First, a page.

Paul’s ability to ignore clocks is legendary and anyone who knows him is very aware that a quick chat can last for much longer, with the added complication of different timezones usually thrown in the mix.

‘To be fair in the old days, the way we did our business was very different,’ Paul says. ‘You had to wake up early to be on a call with Japan and you had to stay until the early evening in order to get some people on the west coast of the US. Email has changed all that now.’

‘When I first started to work for BKCEC, I was put in charge of a group of up to 150 menswear brands at Europe’s largest menswear show Sehm,’ he says. ‘Our biggest challenge then was to limit the telephone and telex access back to the UK so that brands could phone through their orders to factories, asking for a quick turnaround, changes to a product, big quantities or a different colourway.’

He reflects: ‘Now 30 years later our biggest challenge is where are we going to find these buyers with budgets to buy from our collections. It is a completely different industry and a different set of challenges and in many ways, much more challenging than it was.’

‘I have known Paul for more than 20 years, since the heady days of the early 90’s. His enthusiasm, passion and support of this industry we call ‘Fashion’ is the same now as it was back then. What a great ambassador for the UKFT he is, always happy to help with introductions and advice, this MBE is thoroughly deserved. Congratulations dear Paul,’ states Barny Edis, head of sales at Derek Rose.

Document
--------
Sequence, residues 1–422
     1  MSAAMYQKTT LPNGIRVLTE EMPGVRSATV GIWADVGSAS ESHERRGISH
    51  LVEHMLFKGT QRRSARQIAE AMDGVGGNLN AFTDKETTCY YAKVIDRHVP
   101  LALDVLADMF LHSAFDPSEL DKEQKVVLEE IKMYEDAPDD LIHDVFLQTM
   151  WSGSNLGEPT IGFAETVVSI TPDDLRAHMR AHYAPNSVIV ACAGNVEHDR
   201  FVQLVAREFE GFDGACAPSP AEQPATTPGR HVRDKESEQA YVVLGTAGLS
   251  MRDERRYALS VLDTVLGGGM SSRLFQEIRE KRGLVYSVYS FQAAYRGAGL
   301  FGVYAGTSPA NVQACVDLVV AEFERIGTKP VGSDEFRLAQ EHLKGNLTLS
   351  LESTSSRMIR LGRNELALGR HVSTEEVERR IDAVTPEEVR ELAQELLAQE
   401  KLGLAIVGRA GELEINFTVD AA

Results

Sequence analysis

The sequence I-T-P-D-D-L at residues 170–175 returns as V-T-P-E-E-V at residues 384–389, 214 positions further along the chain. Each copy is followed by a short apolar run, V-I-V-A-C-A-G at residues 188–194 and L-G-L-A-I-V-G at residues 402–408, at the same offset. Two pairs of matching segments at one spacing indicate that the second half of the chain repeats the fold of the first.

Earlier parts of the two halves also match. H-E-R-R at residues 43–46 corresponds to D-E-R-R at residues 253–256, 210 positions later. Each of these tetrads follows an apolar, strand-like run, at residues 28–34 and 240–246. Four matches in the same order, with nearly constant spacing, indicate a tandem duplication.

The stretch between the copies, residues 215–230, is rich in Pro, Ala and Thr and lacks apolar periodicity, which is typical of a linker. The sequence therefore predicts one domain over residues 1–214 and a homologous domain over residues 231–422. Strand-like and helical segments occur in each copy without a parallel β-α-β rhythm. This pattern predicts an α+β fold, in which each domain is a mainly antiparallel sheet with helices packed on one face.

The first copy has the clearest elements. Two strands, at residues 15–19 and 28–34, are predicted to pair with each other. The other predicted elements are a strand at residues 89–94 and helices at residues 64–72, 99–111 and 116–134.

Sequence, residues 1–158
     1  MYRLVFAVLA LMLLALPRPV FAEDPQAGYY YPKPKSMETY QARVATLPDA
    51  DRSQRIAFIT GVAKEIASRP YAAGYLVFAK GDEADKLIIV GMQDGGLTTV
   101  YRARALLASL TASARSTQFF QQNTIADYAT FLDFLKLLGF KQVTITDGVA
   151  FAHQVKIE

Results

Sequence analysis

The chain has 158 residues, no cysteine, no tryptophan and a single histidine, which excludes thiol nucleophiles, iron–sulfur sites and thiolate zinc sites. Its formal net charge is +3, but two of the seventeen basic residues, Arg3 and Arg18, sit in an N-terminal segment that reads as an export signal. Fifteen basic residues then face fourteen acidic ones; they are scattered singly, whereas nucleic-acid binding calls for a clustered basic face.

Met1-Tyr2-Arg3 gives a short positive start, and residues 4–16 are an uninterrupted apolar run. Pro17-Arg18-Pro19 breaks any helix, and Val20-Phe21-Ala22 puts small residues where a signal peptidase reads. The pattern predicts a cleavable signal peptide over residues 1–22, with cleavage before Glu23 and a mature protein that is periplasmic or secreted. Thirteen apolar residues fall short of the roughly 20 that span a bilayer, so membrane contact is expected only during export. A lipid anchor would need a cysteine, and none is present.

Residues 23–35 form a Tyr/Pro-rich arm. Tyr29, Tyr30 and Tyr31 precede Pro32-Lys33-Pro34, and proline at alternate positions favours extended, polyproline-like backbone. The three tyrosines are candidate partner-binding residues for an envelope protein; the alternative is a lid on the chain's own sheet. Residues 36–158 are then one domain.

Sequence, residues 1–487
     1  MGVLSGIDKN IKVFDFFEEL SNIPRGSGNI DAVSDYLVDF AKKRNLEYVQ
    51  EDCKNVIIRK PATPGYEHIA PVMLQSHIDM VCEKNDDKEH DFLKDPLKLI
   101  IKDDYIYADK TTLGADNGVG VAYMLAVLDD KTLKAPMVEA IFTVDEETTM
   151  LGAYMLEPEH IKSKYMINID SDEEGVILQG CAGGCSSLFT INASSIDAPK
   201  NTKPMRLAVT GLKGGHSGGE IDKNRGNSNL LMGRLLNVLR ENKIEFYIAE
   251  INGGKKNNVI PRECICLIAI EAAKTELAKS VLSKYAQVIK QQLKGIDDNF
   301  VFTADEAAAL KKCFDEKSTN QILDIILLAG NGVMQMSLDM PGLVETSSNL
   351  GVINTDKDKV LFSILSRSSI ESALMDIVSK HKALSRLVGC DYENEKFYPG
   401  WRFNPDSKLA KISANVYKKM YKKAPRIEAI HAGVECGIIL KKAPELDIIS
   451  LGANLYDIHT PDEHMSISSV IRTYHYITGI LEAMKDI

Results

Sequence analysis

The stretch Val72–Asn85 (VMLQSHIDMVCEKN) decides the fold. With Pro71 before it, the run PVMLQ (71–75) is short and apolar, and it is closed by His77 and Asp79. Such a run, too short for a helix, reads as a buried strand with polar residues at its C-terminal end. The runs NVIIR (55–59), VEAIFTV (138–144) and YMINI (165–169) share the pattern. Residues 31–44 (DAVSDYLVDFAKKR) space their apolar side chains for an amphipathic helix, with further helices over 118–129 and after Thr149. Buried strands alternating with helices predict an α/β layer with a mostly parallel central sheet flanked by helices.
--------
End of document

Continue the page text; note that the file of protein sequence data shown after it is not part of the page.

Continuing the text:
Paul helps companies to make sense of changing export markets but also to adapt to some of the bigger structural changes that are shaping today’s industry such as the shrinking independent retail market and the growth of major online players.

‘There are fewer independent retailers on our high streets than there ever were before,’ says Paul. ‘Whilst many in the industry have chosen not to think about that, it is a reality that we have to live with – the online marketplaces are increasingly dominant, they work in different ways and may not want to pay deposits in the way our smaller companies need so they are going to have to look at their business models again very carefully.

‘There is also that huge risk of cannibalising one part of your business at the expense of another which almost all British brands at the moment seem to fall foul of in one way or another,’ he says. ‘You can’t have all of your multi-brand retailers and undercut them by selling online yourself or selling on Black Friday and expect them to still love you in the morning. It doesn’t happen and we’re beginning to feel that.’

He relishes working with established companies but also linking them to newer businesses to help support, nurture and develop the next generation of designer and manufacturers.